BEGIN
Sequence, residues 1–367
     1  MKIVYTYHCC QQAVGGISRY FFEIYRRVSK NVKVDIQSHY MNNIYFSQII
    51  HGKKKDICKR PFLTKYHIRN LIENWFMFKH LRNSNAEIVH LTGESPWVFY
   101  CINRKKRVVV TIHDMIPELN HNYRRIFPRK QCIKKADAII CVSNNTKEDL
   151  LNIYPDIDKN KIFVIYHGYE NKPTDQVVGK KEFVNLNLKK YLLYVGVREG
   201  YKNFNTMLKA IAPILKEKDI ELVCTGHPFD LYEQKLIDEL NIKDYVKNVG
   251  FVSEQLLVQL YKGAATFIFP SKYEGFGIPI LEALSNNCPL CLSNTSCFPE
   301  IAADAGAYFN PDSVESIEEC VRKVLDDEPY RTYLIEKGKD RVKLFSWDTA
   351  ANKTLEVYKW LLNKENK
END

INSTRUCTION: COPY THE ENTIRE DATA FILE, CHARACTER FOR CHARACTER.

Sequence, residues 1–367
     1  MKIVYTYHCC QQAVGGISRY FFEIYRRVSK NVKVDIQSHY MNNIYFSQII
    51  HGKKKDICKR PFLTKYHIRN LIENWFMFKH LRNSNAEIVH LTGESPWVFY
   101  CINRKKRVVV TIHDMIPELN HNYRRIFPRK QCIKKADAII CVSNNTKEDL
   151  LNIYPDIDKN KIFVIYHGYE NKPTDQVVGK KEFVNLNLKK YLLYVGVREG
   201  YKNFNTMLKA IAPILKEKDI ELVCTGHPFD LYEQKLIDEL NIKDYVKNVG
   251  FVSEQLLVQL YKGAATFIFP SKYEGFGIPI LEALSNNCPL CLSNTSCFPE
   301  IAADAGAYFN PDSVESIEEC VRKVLDDEPY RTYLIEKGKD RVKLFSWDTA
   351  ANKTLEVYKW LLNKENK